Designed as a hangout area, there was no music other than what could be heard from the Underground. Plastic chairs had been set up, and people could also sit on the low alley walls. This was a recuperation zone, a place for students to rally themselves — a purgatory to loiter about while planning where to go next.
Here gave the only opportunity for some semblance of journalism.
One student complained about the interior decorating. Green plastic felt had been laid to cover the sloping alley floor. She said that it was ugly, and that her heels kept getting snagging in the fabric. I said it was likely prettier than what lay below, though wearing Vans I had no way to corroborate her second misgiving. Our interview ended there.
“They should hand out diapers, or build more toilets,” said another student, having endured an extensive bathroom line.
The ‘in-between’ was a pleasant addition to break up the stages; though it was often the site where fatal night-out ending conversations could be overhead:
“We still got ten minutes to get into Scubar if we want.”
“Yeah. Or — like, we could just get a kebab.”
The Laneway is that seedy alleyway you might walk down when attempting to get from Haymarket to the Loft in as few steps as possible. ActivateUTS did an impressive job dolling it up into a silent disco.
Three stages littered the alley, each shimmering a colour corresponding with the available headphone channels: red, blue and green. Silent discos are fun additions to events since they encourage dance floor socialising. You see someone on a different colour boogying out, they make eye contact and point insistently at their headphone; their colour. You make the switch, and now have a transient friendship.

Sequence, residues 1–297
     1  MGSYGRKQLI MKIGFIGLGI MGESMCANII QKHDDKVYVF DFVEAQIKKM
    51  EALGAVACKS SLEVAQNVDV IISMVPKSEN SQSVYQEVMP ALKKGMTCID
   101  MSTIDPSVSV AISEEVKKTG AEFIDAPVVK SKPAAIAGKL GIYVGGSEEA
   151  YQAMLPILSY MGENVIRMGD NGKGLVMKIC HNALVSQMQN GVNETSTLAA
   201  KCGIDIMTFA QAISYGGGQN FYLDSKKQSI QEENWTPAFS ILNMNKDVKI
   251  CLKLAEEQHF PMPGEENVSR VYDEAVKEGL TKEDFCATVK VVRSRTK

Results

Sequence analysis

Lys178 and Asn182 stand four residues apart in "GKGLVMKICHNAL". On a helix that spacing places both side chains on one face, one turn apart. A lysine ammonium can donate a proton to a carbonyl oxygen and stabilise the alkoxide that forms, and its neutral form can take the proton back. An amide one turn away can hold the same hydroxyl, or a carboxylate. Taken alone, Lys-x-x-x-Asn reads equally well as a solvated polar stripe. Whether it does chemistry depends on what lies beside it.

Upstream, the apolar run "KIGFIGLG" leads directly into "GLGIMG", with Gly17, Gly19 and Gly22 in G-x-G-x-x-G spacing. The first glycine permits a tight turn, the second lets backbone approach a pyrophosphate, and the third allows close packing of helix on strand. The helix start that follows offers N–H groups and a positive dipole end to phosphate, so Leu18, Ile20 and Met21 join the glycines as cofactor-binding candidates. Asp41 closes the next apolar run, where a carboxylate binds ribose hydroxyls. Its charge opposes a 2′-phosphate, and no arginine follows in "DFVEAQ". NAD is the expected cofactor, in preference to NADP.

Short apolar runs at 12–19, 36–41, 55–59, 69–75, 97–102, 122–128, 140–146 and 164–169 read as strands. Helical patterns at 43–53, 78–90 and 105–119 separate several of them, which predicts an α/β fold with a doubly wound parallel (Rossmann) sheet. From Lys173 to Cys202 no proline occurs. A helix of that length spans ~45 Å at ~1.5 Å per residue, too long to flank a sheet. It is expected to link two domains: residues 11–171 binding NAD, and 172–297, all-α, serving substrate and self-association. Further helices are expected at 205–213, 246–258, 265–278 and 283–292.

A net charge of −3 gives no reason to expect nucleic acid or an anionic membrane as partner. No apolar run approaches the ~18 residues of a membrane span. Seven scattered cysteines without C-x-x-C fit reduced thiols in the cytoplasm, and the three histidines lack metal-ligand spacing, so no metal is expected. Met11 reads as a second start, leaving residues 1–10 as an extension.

The narrow, dingy alley almost replicated the vibe of the funky, urban clubbing scene of Berlin. Almost, if not for the hulking presence of the Tower looming above, and the start of semester just around the corner.
The Laneway was a hit while it lasted, closing off near 1:00 as the last crowds dried up. Unconfirmed reports suggest Vertigo may or may not have been the reason they couldn’t pack up 15 minutes earlier.
There’s not a whole lot to say about the Loft; it almost always works, and Summerfest was no different.
Taking advantage of one of the few scraps of greenery at UTS, students could enjoy drinking in the leafy courtyard around the fairy light wrapped tree. Away from the chaos of the bar, people were free to enjoy the acts without worry of beer being slopped all over them.
And good acts they were. Standouts were Thandi Pheonix, whose dance/electro mixture had the dance floor of the Loft just as fervent as that of the Underground. Later, and undeservingly with a thinner crowd, Winterbourne charmed the room with their languid and mesmerising indie folk renditions.
The combination of killer acts, and the liberty of choosing whether to lounge upstairs or mingle in the courtyard meant the Loft was for many a festival favourite.
The crowd’s makeup at Summerfest is mostly first year students, ensuring the fourth year Vertigo reporters felt properly ancient. That said, with the right company the event should cater to almost anyone; the atmosphere is one of (perhaps naïve) anticipation and excitement, and there’s enough variety in the acts that some are bound to be appealing.
You’ll likely also notice high attendance from international students; a melody of different languages blend together beneath a single roof, everyone united by drinks and music.
For $20 to $35, depending on when tickets are purchased and whether or not you’re a UTS student, you’re not doing yourself a disservice by giving future iterations of the event a shot.
Vertigo will likely try and scrounge up tickets for Winterfest, generally held at the beginning of the Spring trimester, so long as we can remember to hop in line by 9:30.